Expert says the benefits of breastfeeding are oversold

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According to a Canadian expert the benefits of breastfeeding are 'being oversold' to women.

Michael Kramer, a professor of pediatrics says that much of the evidence used to persuade mothers to breastfeed was either wrong or out of date.

Professor Kramer, who has been an adviser to the World Health Organisation, UNICEF and the Cochrane Library, believes a significant amount of evidence behind the claims is flawed and he suggests that many of the claims about the benefits of breastfeeding are false and oversold, as there is little evidence that mother’s milk protects babies against illness or allergies.

Breastfeeding is advocated for a plethora of reasons by organisations worldwide for both baby and mother - for babies it supposedly protects against obesity, allergies, asthma and diabetes, aids the development of a baby's eyesight, speech and intelligence, lessens the risk of cot death and promotes a special loving bond between mother and baby.

For mothers breastfeeding is thought to help the body return to its pre-pregnant state more quickly, lose excess weight and offers some protection against cancer of the breast and ovaries, heart disease and osteoporosis.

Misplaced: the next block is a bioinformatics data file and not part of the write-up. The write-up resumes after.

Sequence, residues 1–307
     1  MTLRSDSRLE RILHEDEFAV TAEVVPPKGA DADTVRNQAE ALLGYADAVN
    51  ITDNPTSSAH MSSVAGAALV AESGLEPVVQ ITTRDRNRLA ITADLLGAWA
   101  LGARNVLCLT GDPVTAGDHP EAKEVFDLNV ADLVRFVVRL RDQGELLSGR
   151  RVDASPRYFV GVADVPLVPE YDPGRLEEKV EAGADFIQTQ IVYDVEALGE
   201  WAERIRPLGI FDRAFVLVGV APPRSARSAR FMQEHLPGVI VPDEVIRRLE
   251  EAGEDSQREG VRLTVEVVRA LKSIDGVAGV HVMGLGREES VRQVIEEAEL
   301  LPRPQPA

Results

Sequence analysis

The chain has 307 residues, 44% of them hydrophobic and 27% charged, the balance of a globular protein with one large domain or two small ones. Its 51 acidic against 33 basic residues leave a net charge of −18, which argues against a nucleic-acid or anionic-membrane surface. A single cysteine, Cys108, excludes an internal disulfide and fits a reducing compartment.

Professor Kramer, based at McGill University in Montreal, has studied evidence on breastfeeding since 1978, and he says the evidence that breastfeeding protects against obesity was flawed, the evidence it protects against allergies and asthma is also weak and there is little to support claims that it reduces the risk of leukaemia, lymphoma, bowel disease, type 1 diabetes, heart disease and blood pressure.

Professor Kramer says he is not in favour of overselling the evidence and false information should not be conveyed and some of the advice promulgated is false information.

It is thought that mothers who choose to breast feed are more likely to follow medical advice on breastfeeding and were also more likely to be part of a family that had a healthier lifestyle and breastfed babies may have better outcomes because of other factors.

Professor Kramer does says that some claims were well founded, such as the protective effect on ear infections and gastrointestinal illnesses - this is supported by Joan Wolf, an assistant professor from Texas A&M University who has spent five years researching the medical literature on breastfeeding - Ms Wolf says only the benefits on gastrointestinal illnesses had been conclusively proven.

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